eMarketer has predicted that more than half of business to consumer ecommerce sales in Latin America during 2013 will be from Brazil. By 2015 ecommerce sales from Brazil are expected to reach $26.9 billion USD. Some Brazilian brands and personalities are already using social media to connect with consumers and fans. In some cases international brands are leading the way. It may be that reluctant Brazilian brands will wait to see what results the pioneers have before taking the risk themselves.
In June 2012 Socialbakers found that of the ten fastest growing Facebook brand pages, five were from Brazil. Of course, Facebook engagement is much more than simply getting someone to ‘Like’ a brand page – after all, they may never return to the page or engage with the brand. At the moment, Brazil’s question response rate is a low 22 per cent, so just over one in five fans reply to brand questions. This suggests that while people are currently prepared to ‘Like’ a page, they aren’t being encouraged to engage with the brand once there.
The most popular Facebook pages in Brazil belong to celebrities rather than brands. Brazilian footballer Ricardo Kakà owns the most popular page by far with 17,521,444 fans. He’s followed by Brazilian lyricist and novelist Paulo Coelho (8,851,047) and Brazilian TV presenter Luciano Huck (7,016,401).
The brand page with the largest fan base is Brazilian soft drink brand Guaraná Antarctica with 6,485,146 fans. Followed by Skol, the most popular beer brand in Brazil (5,835,549 fans) and cosmetics brand L’Oréal Paris Brasil (4,114,791 fans).
Examples of brands using Facebook to engage and attract fans include Heineken Brazil which started a campaign in January 2012 called ‘1 Like 1 Balao’ (1 Like, 1 Balloon). Every time someone ‘Liked’ the brands Facebook page another balloon would be blown up and added to the office. Videos were made showing the state of the office as the campaign progressed. It only took a day for the brand to get thousands of new followers.
A safe sex Facebook advertising campaign for Preservativos Prudence performed so well that the advertising company moved spend over from banner to Facebook ads as a result. The campaign, aimed at men aged 18 to 25, attracted over 30,000 ‘Likes’ and encouraged people to go to the brand’s website where they could purchase products or find out more information .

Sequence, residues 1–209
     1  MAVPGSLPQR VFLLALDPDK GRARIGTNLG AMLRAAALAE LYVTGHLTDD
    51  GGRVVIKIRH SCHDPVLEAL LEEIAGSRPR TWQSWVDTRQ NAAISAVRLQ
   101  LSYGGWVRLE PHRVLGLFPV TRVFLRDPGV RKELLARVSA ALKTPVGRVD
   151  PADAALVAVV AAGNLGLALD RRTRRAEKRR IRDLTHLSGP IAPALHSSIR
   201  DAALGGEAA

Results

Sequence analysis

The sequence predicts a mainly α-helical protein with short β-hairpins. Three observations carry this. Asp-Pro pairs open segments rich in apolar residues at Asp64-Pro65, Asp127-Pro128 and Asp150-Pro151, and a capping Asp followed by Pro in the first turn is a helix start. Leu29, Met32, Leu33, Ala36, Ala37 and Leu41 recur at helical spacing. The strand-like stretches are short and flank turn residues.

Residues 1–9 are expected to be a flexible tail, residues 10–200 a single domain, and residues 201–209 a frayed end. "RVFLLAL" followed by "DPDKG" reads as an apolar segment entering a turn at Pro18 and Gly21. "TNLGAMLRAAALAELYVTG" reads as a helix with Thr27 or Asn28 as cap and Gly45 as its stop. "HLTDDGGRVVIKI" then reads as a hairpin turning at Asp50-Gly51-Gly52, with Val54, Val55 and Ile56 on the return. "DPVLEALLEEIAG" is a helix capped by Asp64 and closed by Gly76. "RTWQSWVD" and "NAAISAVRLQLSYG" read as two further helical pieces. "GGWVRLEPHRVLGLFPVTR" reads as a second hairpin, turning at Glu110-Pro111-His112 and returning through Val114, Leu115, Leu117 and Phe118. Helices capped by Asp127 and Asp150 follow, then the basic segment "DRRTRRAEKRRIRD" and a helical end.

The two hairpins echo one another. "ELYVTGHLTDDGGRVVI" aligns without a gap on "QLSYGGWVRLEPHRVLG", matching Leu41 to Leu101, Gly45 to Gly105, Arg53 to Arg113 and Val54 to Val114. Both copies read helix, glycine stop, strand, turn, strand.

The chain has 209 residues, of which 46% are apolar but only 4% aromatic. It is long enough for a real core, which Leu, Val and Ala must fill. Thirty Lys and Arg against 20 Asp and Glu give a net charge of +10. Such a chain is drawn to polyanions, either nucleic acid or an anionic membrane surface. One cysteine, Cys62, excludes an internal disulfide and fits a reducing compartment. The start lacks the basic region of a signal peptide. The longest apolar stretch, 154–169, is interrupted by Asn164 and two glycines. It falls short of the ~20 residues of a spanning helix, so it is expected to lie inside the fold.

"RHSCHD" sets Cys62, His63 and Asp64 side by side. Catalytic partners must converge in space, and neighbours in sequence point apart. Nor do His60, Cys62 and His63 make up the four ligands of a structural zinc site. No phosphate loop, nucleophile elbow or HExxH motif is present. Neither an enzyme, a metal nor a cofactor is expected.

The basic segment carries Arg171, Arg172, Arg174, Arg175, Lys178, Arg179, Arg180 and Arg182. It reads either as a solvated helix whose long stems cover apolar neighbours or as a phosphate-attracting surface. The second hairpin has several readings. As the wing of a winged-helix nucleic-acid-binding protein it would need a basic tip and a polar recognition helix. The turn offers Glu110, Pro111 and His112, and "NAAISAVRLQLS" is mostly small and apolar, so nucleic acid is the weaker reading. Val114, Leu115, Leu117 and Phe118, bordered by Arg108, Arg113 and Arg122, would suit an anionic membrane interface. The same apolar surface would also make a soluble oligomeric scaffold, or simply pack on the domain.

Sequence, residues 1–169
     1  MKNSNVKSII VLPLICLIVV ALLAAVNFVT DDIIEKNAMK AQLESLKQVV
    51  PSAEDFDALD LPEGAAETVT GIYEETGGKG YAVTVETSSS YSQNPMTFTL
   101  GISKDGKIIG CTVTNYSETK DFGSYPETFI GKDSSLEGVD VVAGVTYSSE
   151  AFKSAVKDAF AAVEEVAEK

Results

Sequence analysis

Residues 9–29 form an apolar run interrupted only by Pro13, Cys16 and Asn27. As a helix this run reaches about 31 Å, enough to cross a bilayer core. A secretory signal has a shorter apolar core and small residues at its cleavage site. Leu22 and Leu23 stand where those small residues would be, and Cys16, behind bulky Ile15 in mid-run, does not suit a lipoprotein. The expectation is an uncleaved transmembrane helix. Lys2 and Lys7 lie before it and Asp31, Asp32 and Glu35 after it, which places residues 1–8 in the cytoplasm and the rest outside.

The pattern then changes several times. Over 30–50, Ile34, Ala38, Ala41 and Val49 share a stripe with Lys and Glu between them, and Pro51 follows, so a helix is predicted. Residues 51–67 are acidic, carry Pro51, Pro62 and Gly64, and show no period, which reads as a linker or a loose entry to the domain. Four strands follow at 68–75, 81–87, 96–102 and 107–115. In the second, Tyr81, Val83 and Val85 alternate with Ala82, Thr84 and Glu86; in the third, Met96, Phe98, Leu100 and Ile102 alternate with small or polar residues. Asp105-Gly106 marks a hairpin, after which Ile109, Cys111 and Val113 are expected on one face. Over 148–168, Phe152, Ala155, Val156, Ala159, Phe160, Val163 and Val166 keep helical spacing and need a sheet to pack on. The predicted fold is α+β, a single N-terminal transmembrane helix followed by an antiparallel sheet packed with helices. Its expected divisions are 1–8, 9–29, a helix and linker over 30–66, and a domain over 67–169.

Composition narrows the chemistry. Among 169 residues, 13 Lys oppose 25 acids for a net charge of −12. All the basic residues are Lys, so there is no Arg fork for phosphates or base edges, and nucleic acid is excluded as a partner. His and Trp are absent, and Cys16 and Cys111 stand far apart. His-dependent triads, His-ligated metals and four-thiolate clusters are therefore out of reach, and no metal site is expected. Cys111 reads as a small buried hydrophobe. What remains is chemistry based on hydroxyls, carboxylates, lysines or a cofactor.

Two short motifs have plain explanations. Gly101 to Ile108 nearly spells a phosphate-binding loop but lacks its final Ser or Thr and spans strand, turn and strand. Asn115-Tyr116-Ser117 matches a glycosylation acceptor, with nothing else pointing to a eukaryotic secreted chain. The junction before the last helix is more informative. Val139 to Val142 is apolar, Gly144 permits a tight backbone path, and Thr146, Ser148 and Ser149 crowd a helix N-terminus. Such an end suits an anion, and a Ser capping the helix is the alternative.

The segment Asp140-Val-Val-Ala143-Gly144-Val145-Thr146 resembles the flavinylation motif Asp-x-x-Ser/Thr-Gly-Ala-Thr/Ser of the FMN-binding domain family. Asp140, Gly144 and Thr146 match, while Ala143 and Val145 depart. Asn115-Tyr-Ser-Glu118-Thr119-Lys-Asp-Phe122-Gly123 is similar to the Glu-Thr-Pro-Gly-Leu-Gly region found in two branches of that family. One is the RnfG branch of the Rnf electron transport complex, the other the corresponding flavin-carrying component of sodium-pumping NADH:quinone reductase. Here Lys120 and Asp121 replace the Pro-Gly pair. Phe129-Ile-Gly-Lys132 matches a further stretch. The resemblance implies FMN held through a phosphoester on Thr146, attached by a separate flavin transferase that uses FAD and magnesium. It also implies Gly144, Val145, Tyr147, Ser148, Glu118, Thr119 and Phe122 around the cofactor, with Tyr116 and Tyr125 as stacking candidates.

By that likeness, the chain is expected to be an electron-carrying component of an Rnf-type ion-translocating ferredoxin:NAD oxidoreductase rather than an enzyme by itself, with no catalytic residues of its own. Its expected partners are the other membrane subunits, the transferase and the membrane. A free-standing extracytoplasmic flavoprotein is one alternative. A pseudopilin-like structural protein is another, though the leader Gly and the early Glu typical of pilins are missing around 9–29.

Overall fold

Radio station 102.1 Mix FM’s World AIDS Day awareness campaign took a different approach. The station posted two videos to Facebook: a sexy video of a man, and a steamy video of a woman. Once a Facebook user viewed this video clip, it posted itself to the viewer’s Facebook Wall. Thus the ‘virus’ spread to over 1 million Facebook accounts and achieved 6,000 views. Facebook ended up having to block the video by the day’s end.
The most followed Twitter accounts in Brazil are those of celebrities. Brazilian footballer @KAKA dominates Twitter as well as Facebook with 11,826,554 followers (as of 18/07/12). He also became the most popular athlete on Twitter in April 2012. Brazilian Axé and MPB singer and songwriter @ivetesangalohas 6,711,202 followers, and fellow Axé singer @ClaudiaLeitte has 5,611,139. (Axé music is a fusion of Afro-Caribbean and Afro-Brazilian music genera’s, while MBP is Brazilian pop music which is often associated with carnival.)
The most followed brands tend to have far fewer followers, unless they come up with a brilliant way to tap into Brazil’s heart. Brazilian telecoms brand Claro achieved this by partnering with popular footballer Ronaldo on Twitter. The account @ClaroRonaldo has almost 3.5 million followers. The brand decided to do this when its rival brand got selected to be a World Cup Sponsor and they did not. At one point the account was gaining 5,000 followers an hour. Brazilian airline @TAMAirlines is the second most popular brand on Twitter, but far behind Claro with almost 360,000 followers (and quite a bit of direct engagement with them). TV and Telecoms provider @Vivoemrede has just over 335,000 followers on Twitter. Perhaps unsurprisingly, the top brands are from industries that need to focus on continuous customer service.
Successful campaigns tend to weave in major cultural events. Volkswagen promoted its sponsorship of the Planeta Terra Festival by launching an interactive treasure hunt for tickets using Google Maps and the hashtag #foxatplanetaterra, which started trending after two hours. Sports drink brand Powerade created a visual feed of tweets around a much hyped Brazil vs. Argentina football match, which generated 455,000 tweets.